Ministers shoot down Defence funding shortfall report

Analysis arguing Australia won't be able to scale up its defence in time for war is "not true," the assistant defence minister says.

The analysis comes despite a $50 billion cash injection over the next decade, announced by Defence Minister Richard Marles and outlined in the federal budget.

The Australian Strategic Policy Institute's latest report found more urgent funding was needed to ensure "swift increases in capabilities that the Australian Defence Force would need if our region were to deteriorate quickly".

But Matt Thistlethwaite labelled the findings "simply not true".

"If you look at the recent announcement of our national defence strategy, what we're doing is over the course of the next four years we're investing an additional $5.7 billion," he told Sky News on Monday.

"We've got a lot of capability that comes online in the next four years because the government's making those investments."

The budget increases were "directed towards strengthening the Australian Defence Force's ability to fight in the next decade", the institute claimed as it welcomed the extra funding.

"This is not doom-mongering; the government has acknowledged that the warning time before any conflict, which had long been set at 10 years, has shrunk to effectively zero time," it said.

Richard Marles speaks at the Shangri-La Dialogue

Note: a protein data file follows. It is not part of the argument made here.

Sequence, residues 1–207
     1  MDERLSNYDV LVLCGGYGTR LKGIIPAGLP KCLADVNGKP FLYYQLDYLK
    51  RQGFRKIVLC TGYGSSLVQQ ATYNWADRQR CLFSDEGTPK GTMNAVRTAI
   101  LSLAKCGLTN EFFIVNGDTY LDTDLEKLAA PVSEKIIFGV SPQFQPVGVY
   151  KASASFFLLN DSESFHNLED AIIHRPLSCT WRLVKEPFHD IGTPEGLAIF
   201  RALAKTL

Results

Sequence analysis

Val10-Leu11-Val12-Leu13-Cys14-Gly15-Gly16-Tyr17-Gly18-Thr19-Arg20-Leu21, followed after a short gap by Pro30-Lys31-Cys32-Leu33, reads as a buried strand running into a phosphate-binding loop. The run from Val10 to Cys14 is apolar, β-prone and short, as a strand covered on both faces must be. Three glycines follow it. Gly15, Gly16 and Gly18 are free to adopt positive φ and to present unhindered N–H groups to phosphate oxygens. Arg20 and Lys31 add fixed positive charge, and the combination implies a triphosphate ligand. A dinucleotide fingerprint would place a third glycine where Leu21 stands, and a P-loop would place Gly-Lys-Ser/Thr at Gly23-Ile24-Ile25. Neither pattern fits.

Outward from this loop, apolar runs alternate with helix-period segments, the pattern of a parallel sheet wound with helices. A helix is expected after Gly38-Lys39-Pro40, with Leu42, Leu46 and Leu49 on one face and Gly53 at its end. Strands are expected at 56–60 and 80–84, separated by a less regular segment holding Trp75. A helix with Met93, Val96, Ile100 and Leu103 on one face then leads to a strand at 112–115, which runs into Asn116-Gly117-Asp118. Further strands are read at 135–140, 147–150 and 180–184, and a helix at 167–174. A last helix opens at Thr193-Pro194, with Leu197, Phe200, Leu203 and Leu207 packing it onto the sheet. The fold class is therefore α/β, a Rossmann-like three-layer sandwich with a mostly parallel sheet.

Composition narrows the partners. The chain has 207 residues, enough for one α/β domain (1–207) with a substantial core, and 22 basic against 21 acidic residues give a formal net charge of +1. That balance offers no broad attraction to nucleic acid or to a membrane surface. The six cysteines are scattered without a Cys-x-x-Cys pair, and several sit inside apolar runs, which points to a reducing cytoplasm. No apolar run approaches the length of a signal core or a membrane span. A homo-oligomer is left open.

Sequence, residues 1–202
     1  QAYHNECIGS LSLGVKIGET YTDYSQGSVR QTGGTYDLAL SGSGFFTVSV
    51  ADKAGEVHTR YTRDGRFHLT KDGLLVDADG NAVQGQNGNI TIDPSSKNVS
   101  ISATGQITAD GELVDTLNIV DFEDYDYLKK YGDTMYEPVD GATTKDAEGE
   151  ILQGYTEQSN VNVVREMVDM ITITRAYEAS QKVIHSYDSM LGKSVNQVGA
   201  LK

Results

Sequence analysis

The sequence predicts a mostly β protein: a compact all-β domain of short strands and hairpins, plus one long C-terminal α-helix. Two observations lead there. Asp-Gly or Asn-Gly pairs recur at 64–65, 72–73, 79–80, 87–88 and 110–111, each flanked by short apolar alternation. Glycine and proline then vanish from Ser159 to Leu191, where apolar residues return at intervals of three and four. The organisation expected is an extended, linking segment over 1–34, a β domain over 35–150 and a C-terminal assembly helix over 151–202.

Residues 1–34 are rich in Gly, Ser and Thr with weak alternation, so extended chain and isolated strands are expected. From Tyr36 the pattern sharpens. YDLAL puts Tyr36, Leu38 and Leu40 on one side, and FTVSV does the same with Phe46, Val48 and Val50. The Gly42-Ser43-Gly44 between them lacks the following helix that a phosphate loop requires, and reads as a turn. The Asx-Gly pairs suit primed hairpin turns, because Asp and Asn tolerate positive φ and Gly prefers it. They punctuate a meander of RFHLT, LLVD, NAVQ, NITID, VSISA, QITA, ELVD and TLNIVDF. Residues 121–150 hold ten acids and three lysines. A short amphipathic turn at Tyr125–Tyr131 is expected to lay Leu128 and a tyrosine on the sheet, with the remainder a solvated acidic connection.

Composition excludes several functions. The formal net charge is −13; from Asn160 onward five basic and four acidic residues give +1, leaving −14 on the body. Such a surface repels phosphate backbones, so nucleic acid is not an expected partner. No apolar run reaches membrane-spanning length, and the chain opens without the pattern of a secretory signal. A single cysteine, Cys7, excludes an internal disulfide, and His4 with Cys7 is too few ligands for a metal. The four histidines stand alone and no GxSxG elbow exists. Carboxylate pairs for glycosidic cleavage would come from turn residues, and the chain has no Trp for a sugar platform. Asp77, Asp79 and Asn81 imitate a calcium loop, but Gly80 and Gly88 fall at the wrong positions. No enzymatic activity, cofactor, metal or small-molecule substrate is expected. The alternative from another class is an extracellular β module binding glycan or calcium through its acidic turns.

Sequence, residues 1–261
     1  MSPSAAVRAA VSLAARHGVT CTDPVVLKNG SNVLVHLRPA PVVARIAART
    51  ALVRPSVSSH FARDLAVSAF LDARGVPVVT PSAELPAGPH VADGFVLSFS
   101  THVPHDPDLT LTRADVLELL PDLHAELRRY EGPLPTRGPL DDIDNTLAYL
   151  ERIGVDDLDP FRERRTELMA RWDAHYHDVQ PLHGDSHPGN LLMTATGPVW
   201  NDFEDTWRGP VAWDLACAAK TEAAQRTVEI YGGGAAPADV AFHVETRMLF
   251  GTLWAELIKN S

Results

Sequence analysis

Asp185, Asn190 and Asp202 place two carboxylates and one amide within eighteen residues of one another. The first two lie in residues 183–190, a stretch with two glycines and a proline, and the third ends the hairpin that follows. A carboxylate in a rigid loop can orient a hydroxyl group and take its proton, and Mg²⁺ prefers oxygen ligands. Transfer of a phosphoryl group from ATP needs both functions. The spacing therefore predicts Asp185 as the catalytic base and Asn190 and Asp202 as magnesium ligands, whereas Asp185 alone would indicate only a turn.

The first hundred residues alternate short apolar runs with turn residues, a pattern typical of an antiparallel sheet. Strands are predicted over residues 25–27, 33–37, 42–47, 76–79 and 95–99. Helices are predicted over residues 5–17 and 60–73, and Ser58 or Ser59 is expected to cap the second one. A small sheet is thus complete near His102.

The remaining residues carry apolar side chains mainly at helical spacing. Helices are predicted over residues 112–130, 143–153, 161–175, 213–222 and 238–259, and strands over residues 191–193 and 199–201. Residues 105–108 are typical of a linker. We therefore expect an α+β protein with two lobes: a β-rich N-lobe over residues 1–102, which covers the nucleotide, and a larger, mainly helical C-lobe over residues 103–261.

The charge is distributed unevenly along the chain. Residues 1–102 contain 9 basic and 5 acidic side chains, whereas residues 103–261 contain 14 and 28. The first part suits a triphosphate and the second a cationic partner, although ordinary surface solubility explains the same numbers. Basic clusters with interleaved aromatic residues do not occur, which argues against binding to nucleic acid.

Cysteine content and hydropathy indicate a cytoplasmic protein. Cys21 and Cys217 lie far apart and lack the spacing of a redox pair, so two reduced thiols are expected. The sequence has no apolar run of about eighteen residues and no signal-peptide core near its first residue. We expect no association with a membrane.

Defence Minister Richard Marles highlighted China's provocations at a military summit in Singapore. (AP PHOTO)

Mr Marles has insisted the increased defence budget and shift to focus on projecting Australian firepower deeper into the Pacific following a landmark review in the military meant the nation was on track to meet future challenges.

A spokeswoman for Mr Marles pointed to an additional $5.7 billion over the next four years.

"This includes additional money for navy's surface combatant fleet and for long-range strike capabilities," the spokeswoman told AAP in a statement.

"We said there would be more money in defence ... and it's there in black and white."

Mr Marles used a recent speech to note Australia was not trying to be on a par with China or the United States in any future competition but would be a highly relevant player because of its position in the region.

The report comes in the context of grave warnings from Beijing about the forceful re-integration of Taiwan, with the island democracy seen by the Chinese leadership as an inalienable part of China.

The international community has warned about China making any unilateral changes to the status quo on Taiwan in what has become a a key point of tension in the region.

Beijing regularly sends its military across the Taiwan Strait and practice war drills around the island.

China's Defence Minister Dong Jun used an address at a military conference in Singapore to vow Taiwan would never be independent and the path to a peaceful reunification was narrowing.

Mr Marles used his address to the conference to warn of the "increasingly concerning trend" of provocative actions by the Chinese military.

The two defence ministers met on Saturday on the sidelines of the conference, where Mr Marles said he raised interactions between the Australian and Chinese militaries but would not detail Mr Dong's reply.